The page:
Nicholas Carlevaris-Bianco

PhD Candidate in Electrical Engineering: Systems at the University of Michigan
Graduate Student Research Assistant at the Perceptual Robotics Laboratory
Email: carlevar@umich.edu



Publications


My research focuses on perception for mobile robotics, using tools from computer vision, machine learning, and statistical signal processing for map building and navigation. I am specifically interested in developing algorithms that are robust to dynamic changes in the environment, with the end goal of helping to enable long term autonomy.

Generic Node Removal for Factor-Graph SLAM
Nicholas Carlevaris-Bianco, Michael Kaess, and Ryan M. Eustice,
IEEE Transactions on Robotics, 2014. [PDF] [BibTeX]

Learning Visual Feature Descriptors for Dynamic Lighting Conditions
Nicholas Carlevaris-Bianco and Ryan M. Eustice,
In Proceedings of the IEEE/RSJ International Conference on Intelligent Robots and Systems, Chicago, September 2014. [PDF] [BibTeX]

Conservative Edge Sparsiļ¬cation for Graph SLAM Node Removal
Nicholas Carlevaris-Bianco and Ryan M. Eustice,
In Proceedings of the IEEE International Conference on Robotics and Automation, Hong Kong, June 2014. [PDF] [BibTeX]

Long-Term Simultaneous Localization and Mapping with Generic Linear Constraint Node Removal
Nicholas Carlevaris-Bianco and Ryan M. Eustice,
In Proceedings of the IEEE/RSJ International Conference on Intelligent Robots and Systems, Tokyo, Japan, November 2013. [PDF] [BibTeX]

Generic factor-based node marginalization and edge sparsification for pose-graph SLAM
Nicholas Carlevaris-Bianco and Ryan M. Eustice,
In Proceedings of the IEEE International Conference on Robotics and Automation, Karlsruhe, Germany, May 2013. [PDF] [BibTeX]

Learning temporal co-observability relationships for lifelong robotic mapping
Nicholas Carlevaris-Bianco and Ryan M. Eustice,
IROS Workshop on Lifelong Learning for Mobile Robotics Applications, Vilamoura, Portugal, October 2012. [PDF] [BibTeX]

Visual localization in fused image and laser range data
Nicholas Carlevaris-Bianco, Anush Mohan, James R. McBride and Ryan M. Eustice,
In Proceedings of the IEEE/RSJ International Conference on Intelligent Robots and Systems, San Francisco, CA, September 2011. [PDF] [BibTeX]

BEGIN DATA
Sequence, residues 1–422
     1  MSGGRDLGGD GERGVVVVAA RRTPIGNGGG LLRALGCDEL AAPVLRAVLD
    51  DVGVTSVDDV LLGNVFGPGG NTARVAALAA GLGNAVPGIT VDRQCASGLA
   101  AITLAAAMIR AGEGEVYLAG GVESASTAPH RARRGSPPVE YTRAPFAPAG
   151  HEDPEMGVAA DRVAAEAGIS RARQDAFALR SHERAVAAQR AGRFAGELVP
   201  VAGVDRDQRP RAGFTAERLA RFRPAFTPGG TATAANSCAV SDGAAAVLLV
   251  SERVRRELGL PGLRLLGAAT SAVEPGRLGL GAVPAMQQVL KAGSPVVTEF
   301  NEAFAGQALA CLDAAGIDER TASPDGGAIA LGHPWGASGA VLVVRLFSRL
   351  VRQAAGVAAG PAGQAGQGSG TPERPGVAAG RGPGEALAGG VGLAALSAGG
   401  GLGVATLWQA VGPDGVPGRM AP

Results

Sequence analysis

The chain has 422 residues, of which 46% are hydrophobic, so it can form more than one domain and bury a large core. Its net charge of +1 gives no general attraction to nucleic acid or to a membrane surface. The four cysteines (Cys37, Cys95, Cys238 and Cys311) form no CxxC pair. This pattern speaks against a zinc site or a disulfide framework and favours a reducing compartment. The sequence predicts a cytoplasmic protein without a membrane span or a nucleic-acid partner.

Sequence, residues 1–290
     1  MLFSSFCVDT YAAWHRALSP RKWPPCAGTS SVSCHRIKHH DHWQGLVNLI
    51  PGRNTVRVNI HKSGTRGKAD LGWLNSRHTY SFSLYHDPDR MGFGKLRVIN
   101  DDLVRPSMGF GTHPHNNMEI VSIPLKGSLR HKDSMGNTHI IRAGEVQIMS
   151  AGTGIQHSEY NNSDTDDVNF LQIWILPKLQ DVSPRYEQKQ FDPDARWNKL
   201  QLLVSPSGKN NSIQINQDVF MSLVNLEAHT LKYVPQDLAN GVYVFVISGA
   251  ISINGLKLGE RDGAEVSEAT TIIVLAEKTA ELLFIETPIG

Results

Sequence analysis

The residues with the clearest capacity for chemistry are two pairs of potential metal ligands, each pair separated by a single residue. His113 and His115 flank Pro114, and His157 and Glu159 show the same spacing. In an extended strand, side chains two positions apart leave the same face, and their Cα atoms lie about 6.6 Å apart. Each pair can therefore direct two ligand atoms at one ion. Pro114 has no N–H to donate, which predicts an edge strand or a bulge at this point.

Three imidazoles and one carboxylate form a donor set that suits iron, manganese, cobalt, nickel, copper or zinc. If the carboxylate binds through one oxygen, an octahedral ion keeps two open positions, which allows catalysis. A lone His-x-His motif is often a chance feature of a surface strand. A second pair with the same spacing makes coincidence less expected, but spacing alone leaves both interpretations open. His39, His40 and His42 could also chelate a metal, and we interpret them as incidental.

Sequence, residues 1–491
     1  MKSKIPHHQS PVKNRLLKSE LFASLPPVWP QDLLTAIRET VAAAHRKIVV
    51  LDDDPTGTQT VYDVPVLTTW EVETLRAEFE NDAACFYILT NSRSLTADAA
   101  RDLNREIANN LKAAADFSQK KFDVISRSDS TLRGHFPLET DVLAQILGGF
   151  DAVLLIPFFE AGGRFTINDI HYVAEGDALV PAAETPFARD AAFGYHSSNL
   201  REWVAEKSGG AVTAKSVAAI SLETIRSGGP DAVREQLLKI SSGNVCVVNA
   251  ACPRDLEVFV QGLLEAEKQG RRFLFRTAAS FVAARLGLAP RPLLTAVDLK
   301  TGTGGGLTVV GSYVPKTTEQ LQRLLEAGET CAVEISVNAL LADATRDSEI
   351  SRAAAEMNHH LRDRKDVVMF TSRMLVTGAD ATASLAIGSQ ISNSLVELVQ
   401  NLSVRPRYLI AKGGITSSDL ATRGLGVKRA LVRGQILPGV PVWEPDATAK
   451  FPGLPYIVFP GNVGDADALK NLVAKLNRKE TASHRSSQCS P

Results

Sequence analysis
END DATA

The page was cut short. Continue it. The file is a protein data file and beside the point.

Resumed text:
Multi-view registration for feature-poor underwater imagery
Nicholas Carlevaris-Bianco and Ryan M. Eustice,
In Proceedings of the IEEE International Conference on Robotics and Automation, Shanghai, China, May 2011. [PDF] [BibTeX]

Initial results in underwater single image dehazing
Nicholas Carlevaris-Bianco, Anush Mohan and Ryan M. Eustice,
In Proceedings of the IEEE/MTS OCEANS Conference and Exhibition, Seattle, WA, September 2010. [PDF] [BibTeX]

Code


Generic Linear Constraint Node Removal

The generic linear constraint (GLC) framework provides a method to remove nodes from SLAM graphs. This can be used for graph maintenance and to reduce computational complexity during long term SLAM. GLC produces a new set of factors over the elimination clique given only the existing factors as input. GLC works in graphs with less-than-full DOF constraints (e.g., bearing-only, range-only.), and avoids inconsistency found in methods based on measurement composition.

My GLC node removal code is implemented and available for download within Michael Kaess's iSAM repository available at: http://people.csail.mit.edu/kaess/isam/

Please email me (carlevar@umich.edu) with any questions or comments.


Current Projects


Next Generation Vehicle

Our lab is working on the "next generation" autonomous vehicle project — a collaboration with Edwin Olson's April Lab, Ford Motor Company and State Farm. Within the team, I am working on tools for building the prior maps and laser-based obstacle detection.

Long-Term Mapping and Navigation

For my dissertation I am working on algorithms for long-term robotic mapping and navigation in dynamic environments. MconneX made a little video (on the right) that gives an overview of the project.

See the Publications and Code sections for more information.


Past Projects


Naval Engineering Education Center (NEEC)

The goal of the NEEC program is to train graduate and undergraduate engineers for careers in the Navy. I worked with the NEEC students the first two years of the project. In the first year we built a robotic system on a Segway. The second year focused on autonomously landing a quadrotor on top of a moving Segway. This served to simulate landing a helicopter on an aircraft carrier. For more info check out the PeRL NEEC page.

PeRL's Autonomous Underwater Vehicles

The lab operates two heavily modified Ocean-Server Iver2 autonomous underwater vehicles. I worked on system development, state estimation and visualization. For a couple of summers I got to head out with the group for field testing and data collection.